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Focus on Spain’s design: interview to Sandra Figuerola

July 9 / 2018

A renowned Valencia-based designer, in this interview Sandra Figuerola, tells us about her experience in the graphic and interior design industries and her recent product developments for textile and houseware brands.

sandra figuerola

  1. You have developed your activity in various areas, from graphic and editorial design to corporate identity and industrial design, always collaborating with important national and international companies. What is ‘design’ for you and how did you approach it?

The bohemian life of artists wasn’t really behind my decision to study Fine Arts. I was attracted to visual arts and creativity though. After having participated in a design competition for an advertising poster and having won it, I felt intrigued by a new, emerging profession – that of designer, which at that time was beginning to consolidate in Spain. Later, two of my classmates and I started a collaborative project in the Caps i Mans design studio and, after a year, and a series of fortunate circumstances, the La Nave studio was born.

And briefly responding to the other part of the question, for me design is basically using creativity to solve problems.

Palacio de rojas hotel valencia

Palacio de Rojas Hotel. Valencia. Spain

  1. From the design studio La Nave, a benchmark of national design in the ’80s, to the new El Almudín studio, created in 2010. They were some very intense years, how have they influenced your career path?

My profile has been changing depending on the projects I have been working on or the different groups that we have been creating. My most recent experience as interior designer at HUP Interiorismo + Diseño coincides with my collaboration with the El Almudín design and communication studio.

Since my early career as graphic and poster designer, I have got more involved in projects related to interior design and architecture. Nevertheless, I stay true to my style and I still work with geometries and graphic languages.

Since I have no training as an industrial designer and I feel comfortable / at ease in that hybrid field where both disciplines, design and interior design, coexist. Obviously, some essential aspects of my way of working and personality have become more prominent than others: the use of colour, of which I “abuse” whenever I can, the geometric languages, the artistic influence or a certain sense of humour that sometimes infiltrates my work.



  1. In recent years you have opted for product design. Can you tell us about your experience with furniture and decoration companies?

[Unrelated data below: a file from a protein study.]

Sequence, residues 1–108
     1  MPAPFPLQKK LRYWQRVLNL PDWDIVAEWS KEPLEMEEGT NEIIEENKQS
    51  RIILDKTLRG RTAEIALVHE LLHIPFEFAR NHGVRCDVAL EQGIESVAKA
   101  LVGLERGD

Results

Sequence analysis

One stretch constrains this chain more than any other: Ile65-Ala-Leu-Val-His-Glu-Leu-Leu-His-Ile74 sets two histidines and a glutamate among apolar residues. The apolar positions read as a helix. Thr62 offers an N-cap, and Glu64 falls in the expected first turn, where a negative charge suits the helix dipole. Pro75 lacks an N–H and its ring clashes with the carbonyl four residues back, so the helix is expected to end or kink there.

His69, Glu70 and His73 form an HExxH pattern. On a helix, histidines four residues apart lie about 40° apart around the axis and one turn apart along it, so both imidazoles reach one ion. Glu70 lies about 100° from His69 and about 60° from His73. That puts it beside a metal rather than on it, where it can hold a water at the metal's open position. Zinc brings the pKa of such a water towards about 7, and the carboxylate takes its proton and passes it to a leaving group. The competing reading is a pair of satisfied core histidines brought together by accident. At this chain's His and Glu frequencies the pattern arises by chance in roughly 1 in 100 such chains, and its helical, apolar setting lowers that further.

Well, I think it’s important to change and evolve. At the beginning of the crisis, for example, I felt forced to analyse the local market and find out which differentiation factors could keep me active and strengthen my position in the market. I consider myself very competent in developing brand identity, designing posters and catalogues, but there are too many good professionals competing in this field. Graphic design applied to the industry is a less saturated field to which I can contribute bringing my creativity and cultural and design experience. This is the case of the rugs and modular spaces that I have created for GAN, the textile brand from Gandiablasco.


GOYESCA space. GAN Rugs

  1. Travel is for you an inexhaustible source of inspiration. Do your travel experiences, the visual and emotional stimuli received and different local cultural affect your creative process? Can you offer some examples?

Obviously, it all affect my work! I love travelling. For me, travelling is living intensely. It excites the senses, brings new experiences and breaks the routine for a while. I find knowing other cultures, other ways of doing and seeing things very stimulating; it enriches me as a person and professionally.

The collections of kilims Catania, Palermo and Siracusa, for example, draw inspirations from my travel to Sicily and the hydraulic floors of local houses with their stunning combinations of geometries and Mediterranean colours. The Ginguelbeld tableware is inspired by Nordic Christmas tradition and my trips to Iceland. Morocco, where I escape to whenever I can, and its ancestral crafts inspire the design of the Glaoui, Alexandra and Tumbuctú rug collections for GAN. On the other hand, the clothing and accessories from my fashion brand, DIDIS, evoke my travels through Rajasthan … Traveling inspires me, it nourishes my mind and definitely gets the artistic juices flowing!



  1. Your new frontier: boutique hotels, in which design, architecture and interior décor join forces to create unique customer experiences. How do your different experiences affect the creation of the hotel’s image and the search for aesthetic and functional solutions suitable for this type of space?